1. What is the subject matter that is to be regulated? In this case, the subject matter to be regulated is possession of a dangerous weapon on school property.
2. Has the subject matter been so fully covered by state law as to have become solely a matter of state concern? In this case, the state statute defines the criminal penalties for possession of a dangerous weapon on school property but does not prescribe or preclude school disciplinary measures that may be imposed against students for such possession. The subject matter is not so fully covered that school disciplinary action has become a matter solely for state concern.
3. Has the legislature, in partially regulating the subject matter, indicated that it is a matter solely of state concern? The legislature has specifically recognized the ability of schools and school districts to make regulations regarding the possession of weapons on school property, while clearly indicating that other local regulation in this subject matter is preempted. See Minn. Stat. § 471.633 (2000) (expressly preempting local regulation regarding possession of weapons at school), Minn. Stat. § 471.634 (2000) (removing schools and school districts from state preemption.) Relator argues that because Minn. Stat. § 609.66 was enacted after Minn. Stat. § 471.634, the later statute repeals the former. We disagree. Nothing in Minn. Stat. § 609.66 expressly or impliedly repeals Minn. Stat. § 471.634. The fact that the legislature wanted to make possession of a weapon at schools a crime does not imply that the legislature also desired to eliminate the school district’s ability to further regulate possession of weapons on school property.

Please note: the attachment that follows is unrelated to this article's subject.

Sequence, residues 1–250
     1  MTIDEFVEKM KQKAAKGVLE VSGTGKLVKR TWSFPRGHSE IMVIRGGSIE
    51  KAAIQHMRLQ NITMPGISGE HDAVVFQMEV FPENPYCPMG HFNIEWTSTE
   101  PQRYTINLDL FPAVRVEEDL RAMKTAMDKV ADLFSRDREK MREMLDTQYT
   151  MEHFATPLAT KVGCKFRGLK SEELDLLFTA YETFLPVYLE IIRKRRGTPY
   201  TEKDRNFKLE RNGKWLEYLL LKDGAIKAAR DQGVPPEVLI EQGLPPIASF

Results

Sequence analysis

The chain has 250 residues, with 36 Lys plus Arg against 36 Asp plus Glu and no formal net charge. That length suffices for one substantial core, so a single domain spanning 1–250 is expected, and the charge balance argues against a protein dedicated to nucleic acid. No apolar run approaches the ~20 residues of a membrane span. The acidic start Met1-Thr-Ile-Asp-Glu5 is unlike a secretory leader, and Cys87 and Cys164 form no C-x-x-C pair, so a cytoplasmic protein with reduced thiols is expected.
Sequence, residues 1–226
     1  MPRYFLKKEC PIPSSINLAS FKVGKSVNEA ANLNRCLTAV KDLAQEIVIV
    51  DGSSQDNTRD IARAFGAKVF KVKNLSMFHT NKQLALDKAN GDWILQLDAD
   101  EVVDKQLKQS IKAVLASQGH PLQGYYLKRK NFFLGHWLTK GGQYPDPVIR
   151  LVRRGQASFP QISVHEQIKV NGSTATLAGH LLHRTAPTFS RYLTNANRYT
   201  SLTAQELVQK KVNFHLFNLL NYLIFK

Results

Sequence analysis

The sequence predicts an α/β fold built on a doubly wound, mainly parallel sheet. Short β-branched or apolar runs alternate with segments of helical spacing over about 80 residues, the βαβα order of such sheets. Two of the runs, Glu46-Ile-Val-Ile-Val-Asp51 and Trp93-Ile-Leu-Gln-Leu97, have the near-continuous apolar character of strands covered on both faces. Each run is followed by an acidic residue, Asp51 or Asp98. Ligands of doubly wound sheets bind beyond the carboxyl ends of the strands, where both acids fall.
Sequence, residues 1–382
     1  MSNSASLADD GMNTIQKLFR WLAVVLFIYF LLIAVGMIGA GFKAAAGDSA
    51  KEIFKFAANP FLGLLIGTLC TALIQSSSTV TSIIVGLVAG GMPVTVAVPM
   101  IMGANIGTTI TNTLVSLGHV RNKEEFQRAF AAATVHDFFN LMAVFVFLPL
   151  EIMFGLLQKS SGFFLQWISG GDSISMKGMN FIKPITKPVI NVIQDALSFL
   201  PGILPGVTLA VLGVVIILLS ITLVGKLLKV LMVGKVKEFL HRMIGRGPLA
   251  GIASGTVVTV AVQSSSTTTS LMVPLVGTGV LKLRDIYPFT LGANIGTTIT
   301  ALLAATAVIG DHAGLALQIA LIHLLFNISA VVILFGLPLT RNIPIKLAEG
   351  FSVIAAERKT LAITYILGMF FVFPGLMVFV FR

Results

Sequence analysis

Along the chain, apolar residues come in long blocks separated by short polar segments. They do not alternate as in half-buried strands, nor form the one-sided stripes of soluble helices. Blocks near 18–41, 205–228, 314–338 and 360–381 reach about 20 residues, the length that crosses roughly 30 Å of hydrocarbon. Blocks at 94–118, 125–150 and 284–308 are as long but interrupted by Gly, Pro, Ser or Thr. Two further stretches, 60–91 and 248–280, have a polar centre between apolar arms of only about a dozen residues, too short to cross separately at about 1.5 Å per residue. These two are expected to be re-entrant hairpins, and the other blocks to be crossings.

4. Is the subject matter itself of such a nature that local regulation would have unreasonably adverse effects upon the general populace of the state? The existence of Minn. Stat. § 471.634 demonstrates that regulation by schools and school districts does not have adverse effects on the general population.
The school district policy is clearly not preempted by Minn. Stat. § 609.66, subd. 1d. Id.
2. Conflict of law